Thanks to the mix of new construction and repurposed buildings, strict zoning laws and building codes, and varying market conditions at the time of construction, Boston hotels offer wildly varying room sizes and amenities. Don't assume that a certain hotel, even one that's part of your favorite chain, has every option you expect. If you must swim a mile every day, order food at 4am, or hold a meeting in a room with a T1 line, always check to see whether your hotel can accommodate you. If it can't, a comparable property almost certainly can.
Major chains operating in and around Boston include leisure-oriented Best Western, Holiday Inn, Radisson, and Ramada; business-traveler magnets Hilton, Hyatt, Marriott (in all its incarnations), Sheraton, and Westin; boutique-hotel trendsetters Kimpton, Morgans, and W; and luxury operators Doyle Collection, Fairmont, Four Seasons, InterContinental, Le Méridien, Mandarin Oriental, Ritz-Carlton, and Sonesta. The scarcest lodging option in the immediate Boston area is the moderately priced chain motel, a category almost completely driven out by soaring real estate prices. And especially at busy times, brands that are bargains elsewhere may be pricey here -- twice what you're used to paying, if not more.
Rates in this chapter are for a double room (except where noted); if you're traveling alone, single rates are almost always lower. The rates given here do not include the 5.7% state hotel tax. Boston and Cambridge add a 2.75% convention center tax on top of the 6% city tax, making the total tax 14.45%. Not all suburbs impose a local tax, so some towns charge only the state tax. These listings cover Boston, Cambridge, and Brookline.
Bed & Breakfasts
A bed-and-breakfast can be a good alternative to a chain hotel. B&Bs are usually less expensive than hotels and often more comfortable. Most are near public transportation. Because most B&Bs are small, they fill quickly. An agency can save you a lot of calling around and can match you with a lodging that accommodates your likes and dislikes, allergies, dietary restrictions, tolerance for noise and morning chitchat, and anything else you consider important. Reserve as soon as you start planning, especially for a visit during fall foliage season.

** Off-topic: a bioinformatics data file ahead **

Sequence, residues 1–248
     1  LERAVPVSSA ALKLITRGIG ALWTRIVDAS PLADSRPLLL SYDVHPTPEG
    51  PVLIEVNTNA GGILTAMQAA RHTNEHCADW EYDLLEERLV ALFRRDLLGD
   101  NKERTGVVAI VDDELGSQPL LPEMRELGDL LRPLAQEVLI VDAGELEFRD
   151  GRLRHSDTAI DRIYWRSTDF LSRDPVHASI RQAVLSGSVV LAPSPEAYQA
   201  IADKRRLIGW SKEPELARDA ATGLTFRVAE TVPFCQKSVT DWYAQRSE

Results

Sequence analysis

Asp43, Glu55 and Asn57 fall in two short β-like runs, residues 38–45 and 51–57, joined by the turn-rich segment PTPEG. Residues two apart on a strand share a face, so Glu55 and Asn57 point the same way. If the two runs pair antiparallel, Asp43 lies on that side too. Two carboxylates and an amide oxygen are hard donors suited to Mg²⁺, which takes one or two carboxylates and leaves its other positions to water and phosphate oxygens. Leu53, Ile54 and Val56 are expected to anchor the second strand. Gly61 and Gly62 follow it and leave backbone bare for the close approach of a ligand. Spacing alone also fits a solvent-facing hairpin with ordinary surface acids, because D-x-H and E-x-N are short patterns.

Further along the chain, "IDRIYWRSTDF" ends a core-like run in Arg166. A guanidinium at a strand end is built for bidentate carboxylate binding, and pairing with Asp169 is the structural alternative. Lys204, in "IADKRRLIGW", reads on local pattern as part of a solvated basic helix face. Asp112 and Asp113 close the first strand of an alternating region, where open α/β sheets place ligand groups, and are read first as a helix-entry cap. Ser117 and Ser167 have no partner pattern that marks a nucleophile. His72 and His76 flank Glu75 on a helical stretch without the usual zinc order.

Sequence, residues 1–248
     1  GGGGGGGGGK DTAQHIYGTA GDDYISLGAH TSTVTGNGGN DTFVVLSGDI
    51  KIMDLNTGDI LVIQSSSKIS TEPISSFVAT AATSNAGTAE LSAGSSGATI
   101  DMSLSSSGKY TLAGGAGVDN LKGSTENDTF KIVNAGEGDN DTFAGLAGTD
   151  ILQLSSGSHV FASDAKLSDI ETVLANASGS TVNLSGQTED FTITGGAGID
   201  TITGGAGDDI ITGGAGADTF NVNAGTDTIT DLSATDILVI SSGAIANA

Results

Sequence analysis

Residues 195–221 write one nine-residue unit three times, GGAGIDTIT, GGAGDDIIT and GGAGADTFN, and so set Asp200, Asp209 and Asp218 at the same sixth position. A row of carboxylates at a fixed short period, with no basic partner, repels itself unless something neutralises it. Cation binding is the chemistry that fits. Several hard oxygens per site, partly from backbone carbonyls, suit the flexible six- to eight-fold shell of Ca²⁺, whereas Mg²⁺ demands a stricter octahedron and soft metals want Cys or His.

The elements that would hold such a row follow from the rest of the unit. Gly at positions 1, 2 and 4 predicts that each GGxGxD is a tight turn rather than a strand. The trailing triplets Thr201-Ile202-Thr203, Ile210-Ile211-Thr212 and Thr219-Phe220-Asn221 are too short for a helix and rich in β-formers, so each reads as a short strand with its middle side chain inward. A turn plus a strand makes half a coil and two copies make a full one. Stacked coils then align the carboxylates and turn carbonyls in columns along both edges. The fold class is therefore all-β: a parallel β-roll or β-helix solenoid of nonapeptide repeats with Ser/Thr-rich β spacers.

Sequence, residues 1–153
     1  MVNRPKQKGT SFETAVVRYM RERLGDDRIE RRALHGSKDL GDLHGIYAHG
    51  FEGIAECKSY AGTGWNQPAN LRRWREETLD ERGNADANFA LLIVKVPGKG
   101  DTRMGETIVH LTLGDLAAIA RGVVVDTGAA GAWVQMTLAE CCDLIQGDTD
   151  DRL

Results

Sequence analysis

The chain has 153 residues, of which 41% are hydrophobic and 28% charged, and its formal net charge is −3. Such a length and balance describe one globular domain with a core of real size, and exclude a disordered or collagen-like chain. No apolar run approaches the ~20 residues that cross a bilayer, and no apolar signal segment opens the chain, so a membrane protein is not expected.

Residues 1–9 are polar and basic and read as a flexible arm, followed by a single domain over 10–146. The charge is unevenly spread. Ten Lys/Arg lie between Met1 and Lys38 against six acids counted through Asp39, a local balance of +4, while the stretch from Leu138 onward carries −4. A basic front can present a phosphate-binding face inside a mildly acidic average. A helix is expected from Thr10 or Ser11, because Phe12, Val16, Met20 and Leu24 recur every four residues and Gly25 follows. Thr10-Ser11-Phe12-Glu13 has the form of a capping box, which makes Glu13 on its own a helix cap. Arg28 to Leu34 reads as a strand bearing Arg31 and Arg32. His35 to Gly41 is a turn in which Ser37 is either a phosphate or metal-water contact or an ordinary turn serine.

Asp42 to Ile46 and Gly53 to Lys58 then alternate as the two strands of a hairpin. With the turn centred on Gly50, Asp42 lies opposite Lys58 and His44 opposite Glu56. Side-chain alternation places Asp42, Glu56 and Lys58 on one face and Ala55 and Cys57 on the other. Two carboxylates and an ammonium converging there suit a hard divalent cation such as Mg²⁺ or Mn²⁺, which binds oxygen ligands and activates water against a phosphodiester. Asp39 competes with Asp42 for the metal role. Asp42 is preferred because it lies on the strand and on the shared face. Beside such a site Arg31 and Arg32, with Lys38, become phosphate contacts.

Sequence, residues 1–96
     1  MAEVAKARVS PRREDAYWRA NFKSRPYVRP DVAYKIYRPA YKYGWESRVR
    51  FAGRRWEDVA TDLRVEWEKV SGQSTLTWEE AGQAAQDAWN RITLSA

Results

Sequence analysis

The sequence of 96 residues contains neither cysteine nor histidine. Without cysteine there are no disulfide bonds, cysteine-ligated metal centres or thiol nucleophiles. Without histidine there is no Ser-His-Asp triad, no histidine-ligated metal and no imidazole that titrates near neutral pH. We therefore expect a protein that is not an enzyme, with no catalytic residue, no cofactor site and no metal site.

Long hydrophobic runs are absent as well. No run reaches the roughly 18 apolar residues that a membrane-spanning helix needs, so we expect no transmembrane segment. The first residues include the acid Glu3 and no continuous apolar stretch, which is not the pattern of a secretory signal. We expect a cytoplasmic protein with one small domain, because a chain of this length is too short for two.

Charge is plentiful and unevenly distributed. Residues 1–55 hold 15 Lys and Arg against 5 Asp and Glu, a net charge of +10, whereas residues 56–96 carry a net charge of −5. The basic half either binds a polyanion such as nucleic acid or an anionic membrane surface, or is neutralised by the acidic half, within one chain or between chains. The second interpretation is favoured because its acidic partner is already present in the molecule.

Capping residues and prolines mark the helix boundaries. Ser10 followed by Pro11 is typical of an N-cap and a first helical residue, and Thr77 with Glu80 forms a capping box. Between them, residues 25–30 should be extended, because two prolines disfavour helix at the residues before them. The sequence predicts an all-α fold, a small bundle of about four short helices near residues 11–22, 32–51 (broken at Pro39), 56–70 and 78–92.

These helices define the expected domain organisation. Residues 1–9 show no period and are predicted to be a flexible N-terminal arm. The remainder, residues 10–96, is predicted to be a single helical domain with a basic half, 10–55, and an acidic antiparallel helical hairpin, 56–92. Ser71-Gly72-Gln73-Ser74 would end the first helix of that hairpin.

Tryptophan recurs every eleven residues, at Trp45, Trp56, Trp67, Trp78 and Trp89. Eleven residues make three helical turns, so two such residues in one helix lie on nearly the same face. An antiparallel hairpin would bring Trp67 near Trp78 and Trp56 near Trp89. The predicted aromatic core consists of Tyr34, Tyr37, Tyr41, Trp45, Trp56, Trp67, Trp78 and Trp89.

Expect to pay at least $85 a night for a double in the summer and fall, and more during special events. The room rate usually includes breakfast and often includes parking, but be sure to ask. Many lodgings require a minimum stay of at least 2 nights, and most offer good winter specials (discounts or 1-night-free deals).
The following organizations can help you find your ideal B&B in Boston, Cambridge, or the greater Boston area:
- B&B Agency of Boston (tel. 800/248-9262 or 617/720-3540, 0800/89-5128 from the U.K.; www.boston-bnbagency.com)
- Bed and Breakfast Associates Bay Colony, P.O. Box 57166, Babson Park Branch, Boston, MA 02457 (tel. 888/486-6018 or 617/720-0522; www.bnbboston.com)
- Bed & Breakfast Reservations North Shore/Greater Boston/Cape Cod (tel. 617/964-1606 or 978/281-9505; www.bbreserve.com)
- Host Homes of Boston (tel. 800/600-1308 outside MA or 617/244-1308; www.hosthomesofboston.com)
- Inn Boston Reservations (tel. 617/236-2227; www.innbostonreservations.com)
Note: This information was accurate when it was published, but can change without notice. Please be sure to confirm all rates and details directly with the companies in question before planning your trip.